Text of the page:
Religions 12 00311 i001 We have lost regular readers/users, but we have gained new ones.
  • 13. If you have reached new users, could you briefly outline the profile/characteristics of those new readers/users?
  • 14. Do you think that, after this crisis, any communicative practices of those implemented will remain in your diocese?
    • Religions 12 00311 i001 Yes, this crisis will improve diocesan communication.
      Religions 12 00311 i001 No, it will not.
  • 15. Do you think that this crisis has made your diocese, especially the governance team, recognise the importance of having a well-defined communication strategy (solvent and responsive)?
    • Religions 12 00311 i001 Yes, I do.
      Religions 12 00311 i001 No, I do not.
  • 16. Beyond your diocese, do you think this crisis could help complete the adaptation of the Catholic Church to the contemporary media context?
    • Religions 12 00311 i001 Yes, I do.
      Religions 12 00311 i001 No, I do not.

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Figure 1. Percentage of participating dioceses vs. the total in Spain. Source: Authors.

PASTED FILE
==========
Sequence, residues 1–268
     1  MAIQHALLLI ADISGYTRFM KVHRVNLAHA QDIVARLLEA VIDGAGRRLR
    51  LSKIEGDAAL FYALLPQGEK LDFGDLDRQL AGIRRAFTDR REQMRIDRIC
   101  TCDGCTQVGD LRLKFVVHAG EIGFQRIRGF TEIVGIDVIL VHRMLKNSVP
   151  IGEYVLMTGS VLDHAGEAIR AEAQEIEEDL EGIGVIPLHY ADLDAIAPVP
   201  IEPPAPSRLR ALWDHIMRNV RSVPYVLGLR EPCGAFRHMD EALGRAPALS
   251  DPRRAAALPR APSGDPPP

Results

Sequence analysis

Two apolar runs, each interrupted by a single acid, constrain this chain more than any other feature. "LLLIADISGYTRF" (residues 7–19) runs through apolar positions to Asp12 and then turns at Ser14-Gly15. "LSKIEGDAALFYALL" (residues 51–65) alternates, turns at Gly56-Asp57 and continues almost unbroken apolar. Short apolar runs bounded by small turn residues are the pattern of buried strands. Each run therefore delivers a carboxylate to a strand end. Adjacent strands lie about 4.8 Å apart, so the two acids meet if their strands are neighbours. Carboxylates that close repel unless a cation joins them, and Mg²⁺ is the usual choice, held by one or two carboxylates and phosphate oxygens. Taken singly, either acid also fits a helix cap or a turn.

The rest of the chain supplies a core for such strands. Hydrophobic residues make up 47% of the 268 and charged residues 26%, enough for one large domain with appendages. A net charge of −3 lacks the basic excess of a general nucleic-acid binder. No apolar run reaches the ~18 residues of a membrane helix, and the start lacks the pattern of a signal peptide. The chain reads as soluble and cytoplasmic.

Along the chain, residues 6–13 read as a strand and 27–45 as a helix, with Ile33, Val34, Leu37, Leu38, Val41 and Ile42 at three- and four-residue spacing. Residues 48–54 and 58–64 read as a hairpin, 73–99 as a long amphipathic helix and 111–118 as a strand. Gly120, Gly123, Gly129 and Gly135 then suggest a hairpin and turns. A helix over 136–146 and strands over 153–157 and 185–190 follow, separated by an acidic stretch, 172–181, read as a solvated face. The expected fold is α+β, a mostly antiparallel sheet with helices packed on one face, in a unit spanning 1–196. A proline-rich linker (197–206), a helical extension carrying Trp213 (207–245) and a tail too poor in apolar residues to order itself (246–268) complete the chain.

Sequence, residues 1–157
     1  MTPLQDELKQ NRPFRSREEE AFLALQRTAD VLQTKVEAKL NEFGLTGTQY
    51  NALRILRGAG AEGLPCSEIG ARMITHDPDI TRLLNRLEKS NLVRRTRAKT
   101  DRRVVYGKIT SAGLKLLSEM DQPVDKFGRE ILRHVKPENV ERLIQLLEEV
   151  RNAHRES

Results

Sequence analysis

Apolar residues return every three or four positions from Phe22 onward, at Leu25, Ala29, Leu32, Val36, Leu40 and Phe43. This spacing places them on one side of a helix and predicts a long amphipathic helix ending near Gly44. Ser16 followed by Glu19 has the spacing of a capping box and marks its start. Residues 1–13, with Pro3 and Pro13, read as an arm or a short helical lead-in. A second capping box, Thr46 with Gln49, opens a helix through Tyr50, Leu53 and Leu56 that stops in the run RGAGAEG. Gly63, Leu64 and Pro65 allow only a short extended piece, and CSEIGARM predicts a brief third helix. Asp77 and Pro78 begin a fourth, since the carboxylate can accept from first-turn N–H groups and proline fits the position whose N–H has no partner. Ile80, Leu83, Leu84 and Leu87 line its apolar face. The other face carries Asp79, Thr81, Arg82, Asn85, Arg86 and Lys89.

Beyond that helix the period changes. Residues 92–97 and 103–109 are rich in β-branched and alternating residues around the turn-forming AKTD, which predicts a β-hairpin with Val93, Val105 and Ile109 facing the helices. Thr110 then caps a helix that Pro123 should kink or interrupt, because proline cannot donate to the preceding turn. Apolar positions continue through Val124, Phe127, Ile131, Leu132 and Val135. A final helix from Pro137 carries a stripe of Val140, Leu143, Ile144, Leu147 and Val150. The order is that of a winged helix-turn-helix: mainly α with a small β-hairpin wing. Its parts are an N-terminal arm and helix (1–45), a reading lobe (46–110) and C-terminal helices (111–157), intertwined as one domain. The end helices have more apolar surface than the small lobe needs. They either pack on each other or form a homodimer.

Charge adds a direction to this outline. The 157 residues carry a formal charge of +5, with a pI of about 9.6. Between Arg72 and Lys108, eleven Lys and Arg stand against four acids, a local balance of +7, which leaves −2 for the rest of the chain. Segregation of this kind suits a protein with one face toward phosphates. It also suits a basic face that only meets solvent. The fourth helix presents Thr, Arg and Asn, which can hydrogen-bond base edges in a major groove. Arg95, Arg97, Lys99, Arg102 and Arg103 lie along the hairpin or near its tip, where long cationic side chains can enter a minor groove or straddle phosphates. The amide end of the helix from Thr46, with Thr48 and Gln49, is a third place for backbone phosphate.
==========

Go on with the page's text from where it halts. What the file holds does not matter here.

Figure 1. Percentage of participating dioceses vs. the total in Spain. Source: Authors.
Religions 12 00311 g001
Figure 2. Digital platforms used by the diocese. Source: Authors.
Figure 2. Digital platforms used by the diocese. Source: Authors.
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Figure 3. Digital platforms used by the diocese before vs. after the onset of the pandemic. Source: Authors.
Figure 3. Digital platforms used by the diocese before vs. after the onset of the pandemic. Source: Authors.
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Figure 4. Increase in participants by platform. Source: Authors.
Figure 4. Increase in participants by platform. Source: Authors.
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Figure 5. Limitations found by the community for digitalization. Source: Authors.
Figure 5. Limitations found by the community for digitalization. Source: Authors.